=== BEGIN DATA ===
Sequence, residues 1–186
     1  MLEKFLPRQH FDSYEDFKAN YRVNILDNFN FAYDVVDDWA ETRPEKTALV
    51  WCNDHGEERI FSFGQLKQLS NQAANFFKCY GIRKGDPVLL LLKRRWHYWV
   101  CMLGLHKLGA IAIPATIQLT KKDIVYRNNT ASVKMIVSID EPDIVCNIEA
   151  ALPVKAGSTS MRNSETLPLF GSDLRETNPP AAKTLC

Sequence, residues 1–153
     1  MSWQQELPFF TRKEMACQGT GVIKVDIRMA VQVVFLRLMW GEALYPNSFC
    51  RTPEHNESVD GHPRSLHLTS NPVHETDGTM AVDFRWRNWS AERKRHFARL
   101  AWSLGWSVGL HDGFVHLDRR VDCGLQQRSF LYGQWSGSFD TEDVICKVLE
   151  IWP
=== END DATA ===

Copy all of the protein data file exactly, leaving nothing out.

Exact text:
Sequence, residues 1–186
     1  MLEKFLPRQH FDSYEDFKAN YRVNILDNFN FAYDVVDDWA ETRPEKTALV
    51  WCNDHGEERI FSFGQLKQLS NQAANFFKCY GIRKGDPVLL LLKRRWHYWV
   101  CMLGLHKLGA IAIPATIQLT KKDIVYRNNT ASVKMIVSID EPDIVCNIEA
   151  ALPVKAGSTS MRNSETLPLF GSDLRETNPP AAKTLC

Sequence, residues 1–153
     1  MSWQQELPFF TRKEMACQGT GVIKVDIRMA VQVVFLRLMW GEALYPNSFC
    51  RTPEHNESVD GHPRSLHLTS NPVHETDGTM AVDFRWRNWS AERKRHFARL
   101  AWSLGWSVGL HDGFVHLDRR VDCGLQQRSF LYGQWSGSFD TEDVICKVLE
   151  IWP